The British National Formulary (BNF) is a medical and pharmaceutical reference book that contains a wide spectrum of information and advice on prescribing and pharmacology, along with specific facts and details about many medicines available on the National Health Service (NHS), including indication(s), contraindications, side effects, doses, legal classification, names and prices of available proprietary and generic formulations, and any other notable points. Though it is a national formulary, it nevertheless also includes entries for some medicines which are not available under the NHS and must be prescribed and/or bought privately (such as alprazolam tablets or minoxidil solution). A symbol clearly denotes such drugs in their entry.
It is used primarily by pharmacists as a reassurance for correct dosage and reference to the side effects of drugs. It is used on a secondary measure by doctors (both general practitioners and specialist practitioners), and by other prescribing and non-prescribing healthcare professionals (such as nurses, paramedics, and dentists to help them use drugs optimally to care for patients as appropriately as possible. For example, it would be a useful reference source for nurses who administer medications on hospital wards, and even for patients and others seeking an authoritative source of advice on any aspect of pharmacotherapy.
Organic chemistry is a chemistry subdiscipline involving the scientific study of the structure, properties, and reactions of organic compounds and organic materials, i.e., matter in its various forms that contain carbon atoms. Study of structure includes using spectroscopy and other physical and chemical methods to determine the chemical composition and constitution of organic compounds and materials. Study of properties includes both physical properties and chemical properties, and uses similar methods as well as methods to evaluate chemical reactivity, with the aim to understand the behavior of the organic matter in its pure form (when possible), but also in solutions, mixtures, and fabricated forms. The study of organic reactions includes both their preparation—by synthesis or by other means—as well as their subsequent reactivities, both in the laboratory and via theoretical (in silico) study.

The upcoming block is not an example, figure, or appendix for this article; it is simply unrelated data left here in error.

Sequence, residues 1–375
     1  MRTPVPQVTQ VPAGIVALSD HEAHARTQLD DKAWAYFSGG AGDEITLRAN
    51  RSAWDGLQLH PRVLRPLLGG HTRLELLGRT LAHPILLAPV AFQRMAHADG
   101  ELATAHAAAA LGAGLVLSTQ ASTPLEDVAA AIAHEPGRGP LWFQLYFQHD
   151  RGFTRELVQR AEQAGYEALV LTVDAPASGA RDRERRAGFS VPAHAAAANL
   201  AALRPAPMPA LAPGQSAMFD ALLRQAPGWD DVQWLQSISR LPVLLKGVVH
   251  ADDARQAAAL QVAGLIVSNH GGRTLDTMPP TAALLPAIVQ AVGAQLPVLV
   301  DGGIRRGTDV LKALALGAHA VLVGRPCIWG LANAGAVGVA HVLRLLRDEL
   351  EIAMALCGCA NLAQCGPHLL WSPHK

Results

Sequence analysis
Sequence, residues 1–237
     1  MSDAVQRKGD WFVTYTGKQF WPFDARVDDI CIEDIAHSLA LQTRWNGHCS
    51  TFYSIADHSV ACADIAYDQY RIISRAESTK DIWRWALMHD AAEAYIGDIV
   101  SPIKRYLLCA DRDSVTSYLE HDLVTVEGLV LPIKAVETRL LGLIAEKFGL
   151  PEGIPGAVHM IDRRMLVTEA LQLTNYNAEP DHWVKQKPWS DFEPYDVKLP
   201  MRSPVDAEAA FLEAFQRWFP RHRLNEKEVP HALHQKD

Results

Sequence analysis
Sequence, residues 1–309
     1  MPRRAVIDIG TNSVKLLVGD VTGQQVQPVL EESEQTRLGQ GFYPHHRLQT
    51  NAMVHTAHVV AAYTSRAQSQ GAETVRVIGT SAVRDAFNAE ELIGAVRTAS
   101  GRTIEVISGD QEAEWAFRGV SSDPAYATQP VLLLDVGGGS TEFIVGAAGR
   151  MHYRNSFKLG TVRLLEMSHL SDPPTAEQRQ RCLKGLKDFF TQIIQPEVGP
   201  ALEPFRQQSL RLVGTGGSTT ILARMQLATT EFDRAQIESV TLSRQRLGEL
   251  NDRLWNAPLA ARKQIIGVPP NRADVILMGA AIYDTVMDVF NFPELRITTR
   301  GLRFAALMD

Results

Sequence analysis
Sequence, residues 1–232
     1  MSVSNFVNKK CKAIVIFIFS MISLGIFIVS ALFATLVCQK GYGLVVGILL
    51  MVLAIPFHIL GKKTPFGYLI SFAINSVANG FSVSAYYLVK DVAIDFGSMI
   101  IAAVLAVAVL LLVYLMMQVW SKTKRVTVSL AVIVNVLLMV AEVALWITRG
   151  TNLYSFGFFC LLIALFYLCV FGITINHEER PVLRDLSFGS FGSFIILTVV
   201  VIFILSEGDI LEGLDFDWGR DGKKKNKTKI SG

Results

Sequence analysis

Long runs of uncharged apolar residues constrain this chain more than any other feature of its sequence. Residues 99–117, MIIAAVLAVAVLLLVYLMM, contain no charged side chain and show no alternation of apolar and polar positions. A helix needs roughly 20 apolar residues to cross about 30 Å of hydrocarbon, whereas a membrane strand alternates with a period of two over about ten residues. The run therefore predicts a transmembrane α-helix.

The range of chemicals studied in organic chemistry include hydrocarbons, compounds containing only carbon and hydrogen, as well as compositions based on carbon but containing other elements. Organic chemistry overlaps with many areas including medicinal chemistry, biochemistry, organometallic chemistry, and polymer chemistry, as well as many aspects of materials science.
F. Hoffmann-La Roche Ltd. is a Swiss global health-care company that operates worldwide under two divisions: Pharmaceuticals and Diagnostics. Its holding company, Roche Holding AG, has shares listed on the SIX Swiss Exchange.
The company headquarters are located in Basel and the company has many pharmaceutical and diagnostic sites around the world - including: Nutley, NJ; Pleasanton, CA; Branchburg, NJ; Indianapolis, Indiana; Florence, South Carolina; and Ponce, Puerto Rico in the US; Welwyn Garden City and Burgess Hill in the UK; Clarecastle in Ireland; Mannheim and Penzberg in Germany; Mississauga and Laval in Canada; Shanghai in China; Mumbai & Hyderabad in India; São Paulo, Brazil; Segrate, Milan in Italy; Johannesburg in South Africa; Karachi, Islamabad and Lahore in Pakistan.
Health Medical Pharma
Chlordiazepoxide //, is a sedative/hypnotic drug and benzodiazepine. It is marketed under the trade names Angirex, Elenium, Klopoxid, Libotryp (also contains Amitriptyline), Librax (also contains clidinium bromide), Libritabs, Librium, Mesural, Multum, Novapam, Risolid, Silibrin, Sonimen and Tropium.